Video on 10 Cents a Day

Video is hideo — Ogden Nash

I confess to spending way too much time thinking about video on the Web–certainly more time than I spend watching video on the Web.  

As someone involved with usability and multimedia applications, I’ve found that people watching Web video usually fall into one of two camps: (1) giggle-chasing time-wasters who get caught in a clickswirl of their own making, and wind up blowing off their homework entirely; or (2) people committed enough to learning/observing something that they are willing to sit through a lousy Web experience to see what they need.

The core problem: On the Web, users are content-pullers, used to being in charge of the infostream. Video is a content pusher, transmitted without regard to its recipient’s state of mind. This difference creates conflict which users, fingers always poised on the trigger of Armageddon, inevitably win. 

In my wandering-through-the-desert search for enlightened video applications, I yesterday stumbled across a series of clips so delightfully retro-elegant I could hardly believe my good fortune. The CommonCraft Show is a series of videos–make that “videos”–created by Lee and Sachi, a husband-and-wife team of Web social application consultants.

Using a technique that mixes the aesthetics of ’50s-style Magic Drawing Board and ’90s high-school video project, the team explains trendy Web applications like RSS, Wikis and social networks with head-snapping clarity.

The videos consist of whiteboards upon which guileless, simple drawings are used to illustrate concepts with grounded-in-life metaphors. (Four friends, shown as stick-figures, use a wiki instead of e-mail to organize a camping trip.) The drawings are on little pieces of paper arranged on the whiteboard, and Lee, the narrator, whisks them on and off to explain, say, how a social network makes remote interpersonal connections visible. His hands occasionally appear, and Sachi uses quick cuts to keep things moving.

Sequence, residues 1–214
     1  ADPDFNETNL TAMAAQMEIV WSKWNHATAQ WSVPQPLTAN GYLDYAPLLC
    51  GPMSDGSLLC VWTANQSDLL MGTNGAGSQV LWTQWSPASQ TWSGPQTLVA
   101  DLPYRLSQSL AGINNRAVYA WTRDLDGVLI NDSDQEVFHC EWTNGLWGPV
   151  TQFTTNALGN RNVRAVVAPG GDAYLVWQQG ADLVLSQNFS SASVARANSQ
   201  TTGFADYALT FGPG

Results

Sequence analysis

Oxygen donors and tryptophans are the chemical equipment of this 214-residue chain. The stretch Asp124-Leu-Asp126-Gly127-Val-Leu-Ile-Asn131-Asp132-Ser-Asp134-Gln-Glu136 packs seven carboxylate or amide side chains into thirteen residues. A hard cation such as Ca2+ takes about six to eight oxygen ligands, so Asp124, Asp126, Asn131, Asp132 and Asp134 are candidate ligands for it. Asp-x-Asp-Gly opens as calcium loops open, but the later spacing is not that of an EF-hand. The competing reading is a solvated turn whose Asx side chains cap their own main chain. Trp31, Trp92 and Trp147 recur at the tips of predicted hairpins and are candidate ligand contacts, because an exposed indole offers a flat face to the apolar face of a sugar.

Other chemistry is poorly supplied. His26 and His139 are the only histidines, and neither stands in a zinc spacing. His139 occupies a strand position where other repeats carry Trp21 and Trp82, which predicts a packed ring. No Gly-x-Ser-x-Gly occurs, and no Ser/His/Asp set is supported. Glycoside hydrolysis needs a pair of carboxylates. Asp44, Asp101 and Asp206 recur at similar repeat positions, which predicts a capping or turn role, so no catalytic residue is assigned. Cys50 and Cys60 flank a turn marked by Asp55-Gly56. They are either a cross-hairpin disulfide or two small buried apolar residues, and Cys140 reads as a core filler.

The amazing thing is how clearly the little productions–two minutes or thereabouts–communicate. I’ve read/seen/heard many explanations of RSS, wikis and social networks. I don’t think any has been as clear and painless as these.

And talk about cost control! It’s hard to figure out what production costs might be associated with the videos: whiteboard, paper, colored pencils, an inkjet printer, any old video camera, video-editing freeware, a tripod. I’m guessing that 90 percent of the folks reading this blog have all of those things within 500 feet of their screens right now, or could within an hour.

I love the way the medium used has such gleeful disregard for the media being described–paper-and-colored-pencils to describe vast interlinked social networks upon which vast amounts of capital and technology are being deployed!

It’s hard to figure out what the limits are of this dime-a-day video strategy. I certainly hope it gives pause to clients of the big video shops using classy models, high-end voice-overs and ooh- and aww-some animations to sell their goods.

And I hope this: That Lee and Sachi resist all temptation to “make the pictures nicer” or “find a ‘real’ narrator.” Simplicity is rarely improved.

Explore posts in the same categories: video

One Comment on “Video on 10 Cents a Day”

  1. Lee LeFever Says:

    Hi Craig,
    Thanks so much for the kind words. I’d say that we’ve spent a bit of money on things like lights and video editing (a mac and final cut express), but our production costs are low. Our time is certainly the biggest factor and it’s hard to estimate.

    We are resisting the temptation make wholesale “improvements” on the videos. We call the format “paperworks” and try to stick to a core set of rules (constraints) to make things consistent. See:

    Anyway, thanks again. More videos are on the way…


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